Strange And Bizarre Cultural Practices In Ancient Egypt • illuminaija

Strange And Bizarre Cultural Practices In Ancient Egypt


Strange And Bizarre Cultural Practices In Ancient Egypt

The Ancient Egyptians are known for creating one of the greatest early civilizations in world history. They left behind a rich cultural legacy that includes the Great Pyramids and the Sphinx. 

But if you look beyond their architectural marvels, what was life really like for the Ancient Egyptians? As it turns out, mummification was just the tip of the iceberg. Here are ten of the bizarre practices of ancient Egypt.


The Ancient Egyptians were early proponents of hygiene and knew the importance of keeping their bodies clean, even if they didn’t yet understand bacteria. They did, however, make the link between maintaining personal hygiene and not getting sick.

While this seems amazing for a culture that was formed over 5000 years ago, their chosen solution left a little to be desired. The Ancient Egyptians were big fans of laxatives, with most people using them several times a month “to keep diseases away”. The prevailing medical theory of the time was that the body contained numerous “channels”. These channels could become blocked by evil spirits, leading the person to become sick. They believed that laxatives unblocked these channels. In fact, it was seen as the remedy to most, if not all, ailments. Ironically, this even included complaints of diarrhea. The types of laxatives used included figs, bran, and dates.

Strange And Bizarre Cultural Practices In Ancient Egypt



Childbirth can be one of the most painful experiences in a mother’s life. So imagine going through labour without the support of modern medical care and practitioners. When giving birth in Ancient Egypt, mothers would go into a squatting position over two large bricks.

Those bricks are now known as Abydos birth bricks. The bricks would be decorated with colorful images of the gods and happy children, to invoke protection for the mother and new baby.

They believed that the infant needed to be protected from evil spirits who would attempt to harm the child from birth. After all, the infant mortality rate at the time was so high. The mother-to-be was attended by her handmaidens who would help her remain in the squatting position, as the midwife delivered the baby.

The birth bricks were a crucial part of the ceremony of childbirth. The richer you were, the better- and more highly decorated – birth bricks you owned.

Strange And Bizarre Cultural Practices In Ancient Egypt


Ancient Egyptians loved cleanliness. But another way in which they maintained their personal hygiene was to shave their heads.

Not only is a shaved head more comfortable in the hot Egyptian climate, but it’s also easier to avoid the dangers of lice infestations. So although they’re commonly depicted in art as having long black hair – these were actually wigs.

One of the main reasons they wore wigs, especially for the working class, was to protect their shaven scalps from getting burnt in the sun. They were also used for decoration and as a way to cover thinning hair. Interestingly, lice were so prevalent that wig makers had to clean the hair with combs to remove lice eggs. We know this since combs have been found with traces of the eggs still in their teeth!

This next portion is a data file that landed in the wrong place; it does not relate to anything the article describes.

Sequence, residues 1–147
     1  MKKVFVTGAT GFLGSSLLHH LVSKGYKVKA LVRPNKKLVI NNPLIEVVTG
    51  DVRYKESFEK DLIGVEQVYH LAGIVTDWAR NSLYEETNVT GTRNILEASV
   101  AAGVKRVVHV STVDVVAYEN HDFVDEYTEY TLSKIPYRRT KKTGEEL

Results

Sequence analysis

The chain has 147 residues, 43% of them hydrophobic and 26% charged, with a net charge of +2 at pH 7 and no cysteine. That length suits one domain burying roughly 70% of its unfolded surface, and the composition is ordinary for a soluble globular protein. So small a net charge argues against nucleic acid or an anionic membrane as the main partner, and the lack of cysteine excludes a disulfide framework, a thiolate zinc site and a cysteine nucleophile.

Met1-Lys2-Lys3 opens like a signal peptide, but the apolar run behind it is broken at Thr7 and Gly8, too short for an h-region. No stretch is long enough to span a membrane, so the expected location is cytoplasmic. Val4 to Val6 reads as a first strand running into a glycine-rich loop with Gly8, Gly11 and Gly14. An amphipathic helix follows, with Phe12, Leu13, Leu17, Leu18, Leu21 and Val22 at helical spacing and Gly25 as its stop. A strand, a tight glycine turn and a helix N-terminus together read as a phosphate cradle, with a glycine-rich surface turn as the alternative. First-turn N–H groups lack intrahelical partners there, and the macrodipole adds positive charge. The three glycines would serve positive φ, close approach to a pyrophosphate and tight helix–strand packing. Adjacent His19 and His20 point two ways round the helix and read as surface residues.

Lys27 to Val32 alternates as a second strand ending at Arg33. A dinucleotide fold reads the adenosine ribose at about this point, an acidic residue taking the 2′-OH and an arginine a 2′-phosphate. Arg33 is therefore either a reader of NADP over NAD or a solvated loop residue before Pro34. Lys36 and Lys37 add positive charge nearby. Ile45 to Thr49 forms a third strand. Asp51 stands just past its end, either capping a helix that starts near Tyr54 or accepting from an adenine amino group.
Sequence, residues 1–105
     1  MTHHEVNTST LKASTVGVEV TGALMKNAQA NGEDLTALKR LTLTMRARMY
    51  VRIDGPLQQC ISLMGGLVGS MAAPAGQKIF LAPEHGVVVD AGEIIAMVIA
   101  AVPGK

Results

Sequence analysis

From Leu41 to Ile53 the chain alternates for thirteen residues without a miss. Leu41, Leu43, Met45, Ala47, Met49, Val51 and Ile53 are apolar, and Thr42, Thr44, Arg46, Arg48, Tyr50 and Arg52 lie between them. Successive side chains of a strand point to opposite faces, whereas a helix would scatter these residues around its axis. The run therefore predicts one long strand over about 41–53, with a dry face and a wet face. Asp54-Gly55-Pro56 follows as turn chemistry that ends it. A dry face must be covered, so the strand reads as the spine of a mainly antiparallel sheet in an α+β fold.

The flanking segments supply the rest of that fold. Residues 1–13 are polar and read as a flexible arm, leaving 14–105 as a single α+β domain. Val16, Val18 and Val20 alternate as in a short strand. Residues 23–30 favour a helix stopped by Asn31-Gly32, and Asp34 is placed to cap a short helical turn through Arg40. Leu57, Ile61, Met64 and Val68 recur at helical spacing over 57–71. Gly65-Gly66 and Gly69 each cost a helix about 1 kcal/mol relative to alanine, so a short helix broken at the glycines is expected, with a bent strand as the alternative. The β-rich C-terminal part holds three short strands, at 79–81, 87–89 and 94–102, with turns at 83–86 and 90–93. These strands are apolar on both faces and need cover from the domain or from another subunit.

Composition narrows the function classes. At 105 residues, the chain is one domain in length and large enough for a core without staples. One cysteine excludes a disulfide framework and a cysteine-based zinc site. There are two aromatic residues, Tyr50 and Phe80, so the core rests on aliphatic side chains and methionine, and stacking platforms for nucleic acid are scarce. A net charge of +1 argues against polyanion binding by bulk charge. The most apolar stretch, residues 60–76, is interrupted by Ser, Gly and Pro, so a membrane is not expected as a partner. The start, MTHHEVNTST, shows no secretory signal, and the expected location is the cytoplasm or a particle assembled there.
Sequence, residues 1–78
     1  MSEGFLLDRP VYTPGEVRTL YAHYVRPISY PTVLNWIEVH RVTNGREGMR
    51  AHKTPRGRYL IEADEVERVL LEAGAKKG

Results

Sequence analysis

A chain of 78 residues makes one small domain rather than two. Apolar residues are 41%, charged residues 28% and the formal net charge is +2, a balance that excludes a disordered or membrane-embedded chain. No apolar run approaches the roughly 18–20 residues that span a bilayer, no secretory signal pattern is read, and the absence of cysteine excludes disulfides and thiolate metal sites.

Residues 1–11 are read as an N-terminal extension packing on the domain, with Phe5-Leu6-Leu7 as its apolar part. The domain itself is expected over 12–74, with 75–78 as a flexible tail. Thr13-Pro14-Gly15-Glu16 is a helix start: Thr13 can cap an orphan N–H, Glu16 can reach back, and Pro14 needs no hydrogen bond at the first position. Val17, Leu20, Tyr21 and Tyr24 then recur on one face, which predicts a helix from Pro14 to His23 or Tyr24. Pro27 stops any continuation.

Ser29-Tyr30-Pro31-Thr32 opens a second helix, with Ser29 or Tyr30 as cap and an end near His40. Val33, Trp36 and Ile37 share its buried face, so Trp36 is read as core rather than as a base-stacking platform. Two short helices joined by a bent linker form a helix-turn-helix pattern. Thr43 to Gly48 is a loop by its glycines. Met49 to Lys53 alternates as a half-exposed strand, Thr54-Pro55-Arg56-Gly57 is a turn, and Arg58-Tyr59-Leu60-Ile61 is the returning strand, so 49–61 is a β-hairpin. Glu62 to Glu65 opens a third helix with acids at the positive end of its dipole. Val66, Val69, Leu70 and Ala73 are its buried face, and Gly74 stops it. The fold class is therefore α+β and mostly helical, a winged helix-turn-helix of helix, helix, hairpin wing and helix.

The Royal Family were especially fond of using wigs. They would be used in daily life as well as for special ceremonies, with some wigs dyed blue, green, or red and featuring precious stones. It has also been discovered that the Ancient Egyptians, especially Royals and nobles, used an early type of hair gel on their wigs. This was made from the fatty acids of both plants and animals and actually created the perfect environment for the wig to be naturally mummified alongside the human body. Although young children also shaved their heads, those of nobility often had a long lock of hair on the left side of their head, called a ‘sidelock of youth’.

It was a symbol indicating the wearer was a legitimate heir or osiris.


Wearing a bag full of mouse bones around your neck may not sound like a good idea to us today. But this was the very remedy prescribed to those having trouble with bed-wetting in Ancient Egypt.

And it didn’t stop there: rodent-related cures seem to have been very popular with the Ancient Egyptians. Treatments involving mice were used in ointments to help everything from scalp issues to rheumatic pain. The bag of mouse bones remedy was also suggested to help a teething child, with the mother and child having first eaten the cooked mouse.

These treatments likely had more negative effects on these ailments, as examinations of the digestive tracts of several children buried in cemeteries from the Predynastic period found evidence of rodent bones. Alongside actual written accounts of the remedy, it’s proof that this bizarre practice of ancient Egypt was widely and frequently used.

Servants Coated in Honey


There’s a saying that you’ll catch more flies with honey than with vinegar. Pharaoh Pepy II would have totally agreed with the sentiment. Pepy absolutely hated flies, but with the Nile in close proximity to the Royal Quarters, the pests were commonplace. In response, Pepy ordered that several naked slaves or servants be kept around him at all times. But here’s the kicker: they had to be completely covered in honey. That way, the flies would swarm to the honey-smeared servants and not bother him.

While this barmy idea did actually succeed in luring the flies away from Pepy, it must have been more than a little uncomfortable for the servants involved. Plus, Pepy II lived to the age of 100 – he had one of the longest reigns of any Egyptian Pharaoh. That means a long list of honey-drenched servants with much shorter lifespans!


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